Your Boler is a reflection of you, they are often a blank canvas just waiting for you to add your personal touches.
Your idea of modifications may include decorating the interior with your favourite theme, adding custom components, or going all out customizing and modifying the entire Boler, these are a few pictures of my 1974 Boler. … read more
In this section I have tried to document common Boler Modification Ideas & Projects, they are categorized by difficulty and cost.
Decorating & Painting
After 30-40 years most interiors needs a good cleaning and brightening up. I cover this in the Maintenance section.
External Water Reservoir
Is your water reservoir cracked, broken or missing? Here is an easy modification that has many advantages over the original.
Screen Door Options
I like to keep the entry door open but the is nothing to keep mosquitoes or other bugs out. Here are 3 options to choose from.
Shady Boy Awning – Installation
Looking for an awning, this is the answer I had been looking for. Installation and set-up.
LED Tail Lights
The original tail and marker light look classic but are not very bright and often don’t work. There is an easy solution replacing the original lights with LED
Organizing the Closet
Here are a few iideas to make better use of the closet space
Simple LED Interior Lighting
Using battery operated LED lights is an easy and efficient way to brighten the interior at night
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Adding 12V Power
If you have an original Boler they were not equipped with a battery. Installing a deep cycle battery allows you to add lighting, water pump, stereo system and many more accessories.
Power Roof Vent
Adding a power roof vent increases the air circulation inside the trailer, here are 2 different power roof vent options
External Water Resivour
Is your fresh water tanks leaking or even missing? Here is an easy solution that I prefer.
Adding an Electric Water Pump
The original Boler came with a hand pump, there is nothing whong with these, but they are not great if both hands are dirty and over time they stop working. If you have added 12 volt power to your Boler then adding an electric water pump is easy.
Adding an Awning
Adding an awning provides shade from the sun and protection from the elements
Extending the Bed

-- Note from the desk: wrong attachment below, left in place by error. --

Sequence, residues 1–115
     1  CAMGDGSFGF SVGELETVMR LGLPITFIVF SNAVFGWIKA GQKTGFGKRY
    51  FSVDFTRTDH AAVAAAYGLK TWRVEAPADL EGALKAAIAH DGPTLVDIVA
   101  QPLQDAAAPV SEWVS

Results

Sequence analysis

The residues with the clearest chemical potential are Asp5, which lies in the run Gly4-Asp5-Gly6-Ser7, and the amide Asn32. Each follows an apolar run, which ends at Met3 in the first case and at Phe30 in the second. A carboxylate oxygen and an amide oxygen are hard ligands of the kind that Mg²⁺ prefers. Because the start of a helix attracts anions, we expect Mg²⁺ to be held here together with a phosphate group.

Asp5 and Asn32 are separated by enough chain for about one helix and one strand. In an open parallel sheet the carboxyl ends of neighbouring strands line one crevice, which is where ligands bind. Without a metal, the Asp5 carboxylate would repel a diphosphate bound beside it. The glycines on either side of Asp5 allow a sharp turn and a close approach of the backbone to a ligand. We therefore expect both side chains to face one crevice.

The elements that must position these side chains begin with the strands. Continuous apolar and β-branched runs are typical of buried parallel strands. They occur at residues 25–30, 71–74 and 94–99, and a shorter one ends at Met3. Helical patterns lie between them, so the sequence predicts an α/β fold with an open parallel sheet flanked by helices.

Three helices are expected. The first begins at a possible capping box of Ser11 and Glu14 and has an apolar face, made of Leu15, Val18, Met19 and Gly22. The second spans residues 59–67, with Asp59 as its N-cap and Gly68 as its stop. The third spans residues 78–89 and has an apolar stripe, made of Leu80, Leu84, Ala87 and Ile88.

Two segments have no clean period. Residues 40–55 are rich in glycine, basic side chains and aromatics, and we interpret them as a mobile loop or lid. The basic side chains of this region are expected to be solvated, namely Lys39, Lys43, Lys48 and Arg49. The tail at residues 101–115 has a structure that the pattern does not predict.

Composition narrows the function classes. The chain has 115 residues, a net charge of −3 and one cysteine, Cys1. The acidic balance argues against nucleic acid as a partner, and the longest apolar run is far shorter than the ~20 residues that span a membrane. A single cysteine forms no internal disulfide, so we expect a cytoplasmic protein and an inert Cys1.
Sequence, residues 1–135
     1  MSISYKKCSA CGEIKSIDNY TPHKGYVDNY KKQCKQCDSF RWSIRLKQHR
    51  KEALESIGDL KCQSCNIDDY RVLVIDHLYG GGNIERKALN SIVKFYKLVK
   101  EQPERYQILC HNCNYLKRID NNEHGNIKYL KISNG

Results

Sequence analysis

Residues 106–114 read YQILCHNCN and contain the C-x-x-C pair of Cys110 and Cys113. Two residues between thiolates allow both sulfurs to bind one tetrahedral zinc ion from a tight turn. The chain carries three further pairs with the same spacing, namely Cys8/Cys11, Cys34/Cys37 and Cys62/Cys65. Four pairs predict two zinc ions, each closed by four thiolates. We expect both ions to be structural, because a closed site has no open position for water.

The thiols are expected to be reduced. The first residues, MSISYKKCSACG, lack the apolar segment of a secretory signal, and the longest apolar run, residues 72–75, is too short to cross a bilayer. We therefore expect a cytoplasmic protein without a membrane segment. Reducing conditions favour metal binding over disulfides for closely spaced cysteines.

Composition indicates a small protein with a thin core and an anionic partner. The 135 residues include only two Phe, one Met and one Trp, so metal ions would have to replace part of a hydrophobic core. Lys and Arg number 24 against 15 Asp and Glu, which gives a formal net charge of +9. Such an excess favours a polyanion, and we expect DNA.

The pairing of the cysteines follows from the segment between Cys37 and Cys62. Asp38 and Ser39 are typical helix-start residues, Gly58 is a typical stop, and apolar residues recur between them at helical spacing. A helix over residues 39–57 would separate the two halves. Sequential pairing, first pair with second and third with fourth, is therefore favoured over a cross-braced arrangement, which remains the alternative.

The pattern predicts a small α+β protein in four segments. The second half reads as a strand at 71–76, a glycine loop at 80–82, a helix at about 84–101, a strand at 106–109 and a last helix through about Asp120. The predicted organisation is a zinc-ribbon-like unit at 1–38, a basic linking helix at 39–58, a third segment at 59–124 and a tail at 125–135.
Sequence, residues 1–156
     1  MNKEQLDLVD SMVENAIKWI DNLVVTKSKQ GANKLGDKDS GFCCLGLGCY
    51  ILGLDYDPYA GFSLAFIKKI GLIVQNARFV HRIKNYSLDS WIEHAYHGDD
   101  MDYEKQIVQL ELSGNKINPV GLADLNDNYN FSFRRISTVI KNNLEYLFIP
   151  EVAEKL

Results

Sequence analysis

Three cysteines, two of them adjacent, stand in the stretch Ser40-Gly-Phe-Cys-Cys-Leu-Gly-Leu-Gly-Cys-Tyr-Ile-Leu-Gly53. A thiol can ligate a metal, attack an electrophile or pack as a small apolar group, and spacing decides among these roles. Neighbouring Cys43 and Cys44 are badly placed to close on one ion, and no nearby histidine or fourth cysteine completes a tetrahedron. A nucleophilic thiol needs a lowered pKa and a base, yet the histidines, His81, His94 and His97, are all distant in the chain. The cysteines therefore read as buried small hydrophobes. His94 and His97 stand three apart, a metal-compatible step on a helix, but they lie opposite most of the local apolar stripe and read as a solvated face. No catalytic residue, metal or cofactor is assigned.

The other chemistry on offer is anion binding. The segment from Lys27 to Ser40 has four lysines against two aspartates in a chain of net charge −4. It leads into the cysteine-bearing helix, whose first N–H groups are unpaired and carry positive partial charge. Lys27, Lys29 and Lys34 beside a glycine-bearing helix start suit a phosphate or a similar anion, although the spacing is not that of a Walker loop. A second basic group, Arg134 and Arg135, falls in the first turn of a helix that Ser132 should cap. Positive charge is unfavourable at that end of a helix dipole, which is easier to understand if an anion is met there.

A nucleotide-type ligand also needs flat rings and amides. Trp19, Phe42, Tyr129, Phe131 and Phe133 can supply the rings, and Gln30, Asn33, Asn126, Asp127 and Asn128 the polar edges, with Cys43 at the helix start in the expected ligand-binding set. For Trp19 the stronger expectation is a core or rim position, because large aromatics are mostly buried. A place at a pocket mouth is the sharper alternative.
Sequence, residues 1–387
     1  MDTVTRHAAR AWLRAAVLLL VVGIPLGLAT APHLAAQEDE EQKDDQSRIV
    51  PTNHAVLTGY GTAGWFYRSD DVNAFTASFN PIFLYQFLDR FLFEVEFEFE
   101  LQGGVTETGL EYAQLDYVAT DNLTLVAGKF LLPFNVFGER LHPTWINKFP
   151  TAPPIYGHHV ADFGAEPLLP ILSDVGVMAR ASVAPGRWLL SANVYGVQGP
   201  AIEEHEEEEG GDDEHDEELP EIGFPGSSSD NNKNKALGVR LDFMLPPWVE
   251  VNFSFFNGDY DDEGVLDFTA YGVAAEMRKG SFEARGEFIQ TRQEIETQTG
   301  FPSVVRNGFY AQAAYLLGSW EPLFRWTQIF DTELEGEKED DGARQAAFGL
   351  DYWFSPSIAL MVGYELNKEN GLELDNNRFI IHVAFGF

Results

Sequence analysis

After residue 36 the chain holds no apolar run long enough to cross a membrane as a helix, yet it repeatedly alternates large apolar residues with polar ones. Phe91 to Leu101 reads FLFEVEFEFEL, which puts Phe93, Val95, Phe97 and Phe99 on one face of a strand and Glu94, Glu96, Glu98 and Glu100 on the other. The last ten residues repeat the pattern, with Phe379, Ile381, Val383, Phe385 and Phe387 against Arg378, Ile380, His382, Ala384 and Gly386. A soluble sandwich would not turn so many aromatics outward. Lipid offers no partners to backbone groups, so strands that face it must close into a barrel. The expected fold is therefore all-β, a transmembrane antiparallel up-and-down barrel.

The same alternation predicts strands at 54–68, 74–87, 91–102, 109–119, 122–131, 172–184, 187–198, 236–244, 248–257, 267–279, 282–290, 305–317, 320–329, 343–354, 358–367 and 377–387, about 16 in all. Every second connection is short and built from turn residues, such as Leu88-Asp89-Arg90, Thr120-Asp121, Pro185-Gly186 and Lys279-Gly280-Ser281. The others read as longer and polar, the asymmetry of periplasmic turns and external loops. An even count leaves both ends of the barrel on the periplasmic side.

The bed in a Boler is only 44″ wide, this simple modification to increase the width of the bed
Installing Scamp Hinges on a Boler
Follow these simple instructions and you will be pleasantly surprised with the result.
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Major & Complex
The Boler Frame
The frame is the foundation of your Boler. This article outlines
- About the Boler Frame
- Problems with the Boler Frame
- Removing the Body from the Frame
- Building a New Frame – New Design
Replacing Jalousie Windows
Radius corner side windows update the look of your Boler, This is not a simple installation
Front Dinette Conversion
One of the most popular modification, making your Boler a trailer for two.
Increasing Ground Clearance
Correcting ground clearance problems, do you want to offroad your Boler or do you need a new axle?
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Hi there! I know you have already produced some videos and written instructions on doing some of these modifications. Is it possible to add a link under each modification for the procedures you used or tutorials you already have posted elsewhere? Or, am I just not looking in the right place to find this information already. Thanks. This looks great, by the way!
Thank you for your comments. I just secured the Domain and began building the site a week ago, Many of the pages right now are acting as placeholder for the content that is coming.
Yes this and all pages will be filled with info, videos and ideas. I will be working hard to publish as much info as quickly as I can, so come back often and check up on the progress.
Ah, well, that makes perfect sense I can’t wait to see it all! Thanks for replying!
I’d love to see your screen door mods!
I am working on that now Sherly 🙂 (so much to do so little time)
The article will contain 3 screen door options for your Boler
Hi there. Just found your site. I am trying to remove my frame to put on a new axle. I am told there is a bolt under the fridge…dam if I can get it out. Any ideas?
We have been chatting on the FGRV forum about this. Look for screws around the frame of the fridge either going straight into the cabinet or vertically up through the upper frame and down through the lower frame. There should also be 2 screws through the base at the back of the fridge that are accessed through the outer body vent. The inner screws are often covered with a colored plastic plug that can be pried off. Quite often the fridge door needs to be removed to get access to some of the screws.
Hi Ian…wow, you’re everywhere..lol. I was casting a wide net. I’ve looked but see no other screws anywhere. There looks to be a metal shroud held in place with a metal band. Maybe the screws in the shroud go into the fridge? I will remove them. There is also a large bolt from underneath looking like it goes into fridge…will remove that too.
Hi, We’ve recently«adopted» an 1976 Boler and I’d like to change the curtains for horizantel blinds, but I not sure how to install them. I don’t want to drill any holes in it. Any suggestions?